I’m grateful to have been invited to give an artist talk recently to a lovely and receptive audience from Catalyst Art Lab. Before Covid, I had been giving talks like this a few times a year in some form-short versions at gallery openings and longer versions with slides to college students, collectors and others artist groups. Before I present one of these talks, there are a number of hours spent updating the words and images of past work to put into context what I’m currently doing in the studio. Some of this updating entails reaching far back into the past to read my graduate thesis paper written 2002-2003. Please enjoy the following excerpt on Light and Shadow from said paper…It’s always fun to delve into the past to see that the more things change, the more they stay the same.
Light and Shadow
Light has many forms and associated meanings which range from its inherently luminous physical properties to its intangible metaphorical and conceptual inclinations. Light “can be natural or artificial, direct or reflected, interior or exterior…transcendent and mystical.” Dawn, sun breaking through clouds and moonlight all bring a sense of relief to us in some way as they symbolize a new beginning, another chance to live and love. “Light throws doors and windows open, makes wall transparent, spans unlikely distances, links matter and spirit.” Light lives in us, around us, compelling us toward life and serving as a reminder of hope, peace and harmony.
“God is called Light, not so much for His spirit, or essence, as for His very energy.” Light embodies many things, but most importantly, light is known to all humans in some way as the direct opposite of darkness and evil. Darkness does not exist as a physical phenomenon as light exists, but is only revealed by the contrast of the absence of light. Elements in our physical space are not noticed unless the light and the atmosphere creating that light exist to eradicate the darkness. In the physical world, contrasts and differences of values of space serve to express light and with that light comes a reflection of righteousness and Divinity. This can be true in the spiritual sense as the presence of light illuminates that which was dark within us. Aspects of our spiritual selves that were previously unnoticed are revealed by the light, thus provoking an awakening, an arousal of the spirit. This inner illumination emanates as a glow, a sourceless radiance that originates from the soul and implores outward reflection. Coming in contact with this luminousness spreads warmth and solace, filling the world with a sense of harmony. In this sense, light signifies all that is good in the universe as it peacefully pervades the physical darkness in our lives and expresses the spiritual “cosmic forces…the divine element in nature, invisible but present.”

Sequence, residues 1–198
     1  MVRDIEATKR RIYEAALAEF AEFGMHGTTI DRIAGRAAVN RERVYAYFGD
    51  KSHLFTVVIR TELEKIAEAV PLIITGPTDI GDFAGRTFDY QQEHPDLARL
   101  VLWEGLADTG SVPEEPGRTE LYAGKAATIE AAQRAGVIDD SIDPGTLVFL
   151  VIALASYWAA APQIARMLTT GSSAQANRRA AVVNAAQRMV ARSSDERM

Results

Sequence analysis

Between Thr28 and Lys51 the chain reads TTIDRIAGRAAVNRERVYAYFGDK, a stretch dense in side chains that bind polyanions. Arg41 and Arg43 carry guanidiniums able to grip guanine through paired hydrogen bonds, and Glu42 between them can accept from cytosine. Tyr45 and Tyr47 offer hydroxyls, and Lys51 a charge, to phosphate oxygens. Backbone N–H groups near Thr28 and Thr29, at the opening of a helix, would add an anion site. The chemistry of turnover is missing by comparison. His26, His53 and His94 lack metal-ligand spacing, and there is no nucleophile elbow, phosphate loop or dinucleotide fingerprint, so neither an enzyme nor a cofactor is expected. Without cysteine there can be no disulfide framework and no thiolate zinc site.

The mix of light and darkness faintly reflect another world by the creation of shadows. Shadows create a suggestion of space, creating a reality where none existed in total darkness. “Shadows hold no physicality, yet they are so critical to our seeing, we cannot see form without them.” The play of light and shadow on surfaces creates shifting pockets of space which unite and harmonize forms, allowing us to visually make sense and create a semblance of order to our lives. “There are those who leave the fire and move toward the deeper reaches of the forest where they believe a source of light to exist which is more intense. A light that breathes, not at all a fixed symbol, a light that alludes yet beckons-the unity of which lies hidden in the chaos.” The shadows that light casts can work to conceal and even to deceive, but the importance of the shadow lies in what it can reveal.
“The ways of darkness always come to an end before long, but the mystery of light we find to reach on and on forever.” Light radiates warmth and comfort to all life on a daily basis. The reality of light is that it exists as a constant physical, living presence in our lives-as our shield from death-for without it there is no life. Its existence compels us to revel in its beauty, simplicity and life-sustaining power.
 Jarmusch, Stalking the Light, p. 1.
 Graef, Heinz, Light in Pictures, (Western Germany, Herder & Company, 1954), p. 14. Hereafter cited as Graef, Light in Pictures.
 Reutersward, Patrick, “What Color is Divine Light?” from Light in Art, (New York, New York, Macmillon Company, 1971), p. 123.
 Graef, Light in Pictures, p. 14.
 Irwin, Robert in Robert Irwin: The Beauty of Questions, (video production/director, Leonard Feinstein, 1997)
 Terrae, Imago, Paul Jenkins: Broken Prisms, (Paris, France, Galilee Editions, 1989), p. 189.
 Graef, Light in Pictures, p. 18.
Image: Early Spring Fresh, encaustic monoprint on rice paper, 9.5×11